By Lisa de Moraes
Friday, June 6, 2008
A star of a beloved TV series has died in a vehicle accident shortly after shooting for the upcoming season wrapped, a network executive confirmed yesterday. But the network will not disclose the name of the star lest it upset fans.
The show is "Meerkat Manor," where the cast members drop like flies because it's, you know, real life and the life expectancy of a meerkat is even shorter than the average career span of a supermodel. On this show alone, meerkat stars whose television careers got cut short include Flower, Mozart, Carlos, Tosca, Big Si, Shakespeare, Cazanna, Kinkajou and the latest fatality.
SPOILER ALERT: DO NOT READ THE FOLLOWING PARAGRAPHS* IF YOU ARE A MEERKAT-ANATIC AND DO NOT WANT TO KNOW WHICH MEERKAT HAS DIED.
*We will let you know when to pick up again. If you are able to read this alert, you are old enough to make this decision for yourself and if you read the following paragraphs, you cannot claim to be a victim of The TV Column. Those are the rules.
Tragically, the latest meerkat to find his/her way to the Rainbow Bridge -- that's where all beloved animals go when they die, according to greeting card companies -- is Rocket Dog, Flower's daughter, who had become the dominant female of the Whiskers group.
The Kalahari Meerkat Project reported to the producers in late April that Rocket Dog died after being hit by a car. Word of the death surfaced on the Animal Planet Web site's "Meerkat Manor" chat room on May 1 but was not discovered by The Reporters Who Cover Television until yesterday -- two days before the show's fourth-season debut. And yes, there's just no being too cynical when covering the TV industry.
"It is a shame, but life happens," Gene Gaines of Sterling said of Rocket Dog's death. Gaines is a co-founder of the East Coast Meerkat Society, whose 450 members hail from 11 countries. "I can be outraged that they permit trucks anywhere near the meerkats, but that is totally unreasonable. . . . I'm simply going to trust the researchers," Gaines told The Post's Emily Yahr.
SPOILER UN-ALERT: Okay to start reading again.
The six-inch TV star was killed in what is being described as a hit-and-run while crossing a road in the Kalahari Desert, where she and her community are being studied by Cambridge University researchers while starring in their own series. That information is from an Animal Planet publicist who spoke to The TV Column.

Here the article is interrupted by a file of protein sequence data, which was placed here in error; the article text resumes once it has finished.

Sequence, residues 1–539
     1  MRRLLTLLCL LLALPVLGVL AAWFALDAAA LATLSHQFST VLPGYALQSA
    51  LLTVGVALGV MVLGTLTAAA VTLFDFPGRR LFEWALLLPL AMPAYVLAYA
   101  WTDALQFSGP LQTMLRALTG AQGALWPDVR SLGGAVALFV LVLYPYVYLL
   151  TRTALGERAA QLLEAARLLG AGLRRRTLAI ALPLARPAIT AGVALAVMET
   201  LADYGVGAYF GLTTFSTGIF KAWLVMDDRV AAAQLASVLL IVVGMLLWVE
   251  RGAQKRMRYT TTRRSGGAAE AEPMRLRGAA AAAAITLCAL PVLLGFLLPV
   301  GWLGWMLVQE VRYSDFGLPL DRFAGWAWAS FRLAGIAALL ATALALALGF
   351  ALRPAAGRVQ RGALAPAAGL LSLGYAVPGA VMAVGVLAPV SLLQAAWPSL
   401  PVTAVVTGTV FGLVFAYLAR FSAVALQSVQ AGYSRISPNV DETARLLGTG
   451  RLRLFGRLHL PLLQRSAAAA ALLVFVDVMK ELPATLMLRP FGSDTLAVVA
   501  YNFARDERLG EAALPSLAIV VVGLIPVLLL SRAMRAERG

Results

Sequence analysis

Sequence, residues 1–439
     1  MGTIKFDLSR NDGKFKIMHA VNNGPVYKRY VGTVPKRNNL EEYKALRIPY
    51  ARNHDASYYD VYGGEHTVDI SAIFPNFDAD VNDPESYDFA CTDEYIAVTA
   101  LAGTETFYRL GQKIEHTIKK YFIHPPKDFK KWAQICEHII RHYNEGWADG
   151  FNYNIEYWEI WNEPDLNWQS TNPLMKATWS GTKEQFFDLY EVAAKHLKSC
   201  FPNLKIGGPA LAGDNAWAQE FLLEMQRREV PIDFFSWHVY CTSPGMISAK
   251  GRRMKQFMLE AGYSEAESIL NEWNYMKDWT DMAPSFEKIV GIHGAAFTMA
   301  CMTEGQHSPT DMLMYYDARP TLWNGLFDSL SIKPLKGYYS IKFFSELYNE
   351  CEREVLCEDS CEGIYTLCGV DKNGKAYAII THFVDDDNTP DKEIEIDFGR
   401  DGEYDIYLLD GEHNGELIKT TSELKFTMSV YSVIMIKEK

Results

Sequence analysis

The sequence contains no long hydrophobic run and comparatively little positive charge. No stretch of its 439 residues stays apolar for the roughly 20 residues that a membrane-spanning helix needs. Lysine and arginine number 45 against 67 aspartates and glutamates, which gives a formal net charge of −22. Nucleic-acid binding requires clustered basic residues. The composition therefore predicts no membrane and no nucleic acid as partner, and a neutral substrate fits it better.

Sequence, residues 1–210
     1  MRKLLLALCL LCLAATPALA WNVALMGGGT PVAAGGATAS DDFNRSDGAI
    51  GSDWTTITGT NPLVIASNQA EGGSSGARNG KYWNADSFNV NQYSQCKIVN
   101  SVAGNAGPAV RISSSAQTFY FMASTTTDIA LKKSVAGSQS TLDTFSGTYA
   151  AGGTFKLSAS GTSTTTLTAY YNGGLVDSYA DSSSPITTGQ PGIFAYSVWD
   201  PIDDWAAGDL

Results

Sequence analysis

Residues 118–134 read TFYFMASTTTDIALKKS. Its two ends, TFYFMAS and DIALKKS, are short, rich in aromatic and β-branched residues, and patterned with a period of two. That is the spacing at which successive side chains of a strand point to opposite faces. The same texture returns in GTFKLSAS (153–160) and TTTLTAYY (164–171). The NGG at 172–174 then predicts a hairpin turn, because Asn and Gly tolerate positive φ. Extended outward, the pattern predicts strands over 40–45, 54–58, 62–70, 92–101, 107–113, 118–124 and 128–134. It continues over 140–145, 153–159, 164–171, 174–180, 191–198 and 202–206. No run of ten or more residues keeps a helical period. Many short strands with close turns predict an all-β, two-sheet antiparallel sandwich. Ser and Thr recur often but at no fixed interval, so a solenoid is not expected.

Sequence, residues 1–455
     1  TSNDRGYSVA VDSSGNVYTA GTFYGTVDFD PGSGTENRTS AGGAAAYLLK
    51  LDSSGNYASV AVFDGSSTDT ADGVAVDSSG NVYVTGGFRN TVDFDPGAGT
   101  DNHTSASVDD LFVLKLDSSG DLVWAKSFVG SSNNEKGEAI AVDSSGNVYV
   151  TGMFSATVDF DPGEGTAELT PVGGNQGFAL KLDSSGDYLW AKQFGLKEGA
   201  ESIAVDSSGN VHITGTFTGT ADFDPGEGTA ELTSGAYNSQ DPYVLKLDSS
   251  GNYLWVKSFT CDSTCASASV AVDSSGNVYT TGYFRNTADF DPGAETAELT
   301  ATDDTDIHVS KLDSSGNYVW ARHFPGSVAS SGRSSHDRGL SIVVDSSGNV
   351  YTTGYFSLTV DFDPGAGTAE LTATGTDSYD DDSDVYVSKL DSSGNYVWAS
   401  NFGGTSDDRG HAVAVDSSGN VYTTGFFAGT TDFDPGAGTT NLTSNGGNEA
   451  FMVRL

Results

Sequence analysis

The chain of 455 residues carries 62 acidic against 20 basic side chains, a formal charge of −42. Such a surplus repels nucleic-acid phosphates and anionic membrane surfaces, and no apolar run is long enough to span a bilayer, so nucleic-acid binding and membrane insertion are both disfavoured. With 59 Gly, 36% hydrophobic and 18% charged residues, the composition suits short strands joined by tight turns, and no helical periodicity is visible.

The show's fourth season had finished shooting on Feb. 28, so for you ghoulish types out there, you will not view the death this coming season.
Word of the death getting out is kind of a bummer for the network and show producers who had given this season the tag line "More Sex, Less Death."
We're guessing this marketing campaign has something to do with trying to boost the show's numbers. In its third season, the average audience for each episode's premiere telecast was 797,000 viewers; the last original telecast, in November, premiered with 762,000 tuned in. But watching all that meerkat mortality is not for the faint of heart.
"Last year was tragic and we lost a lot of our major characters," the show's senior executive producer, Mick Kaczorowski, told The TV Column.
Last season alone, he said, three meerkats met their Maker. Mozart, "the caring one," was killed by a jackal outside her burrow.
Carlos, "the horny one," was bitten in the face during a fight with Hannibal, the dominant male of another colony, an infection set in and that was all he wrote.
And of course, Flower, "the iron-pawed, fearless leader," met her end after being bitten in the face by a Cape cobra while protecting a litter of newborn pups.
This coming season, Kaczorowski promised, "is really a very different season than you've ever seen before . . . -- laugh-out-loud funny, sexy, sassy -- not like last season."
Except the death thing, of course.
"It's kind of what we have to deal with in the natural world, unfortunately," Kaczorowski said of the hit-and-run. Which seemed odd -- we are talking about roadkill here, not a Cape cobra bite. We mentioned this to him.
"Meerkats are part of the Kalahari scenery and people are now part of the Kalahari scenery and cars are part of the Kalahari scenery and cattle are now part of the Kalahari scenery," he responded philosophically. We aren't sure what the cattle reference was to, in a conversation about the harshness of meerkat life, but it definitely sounds ominous.
"It's one of those hard things," Kaczorowski said. "Unlike 'Desperate Housewives' we have no control over the story structure or the plotline."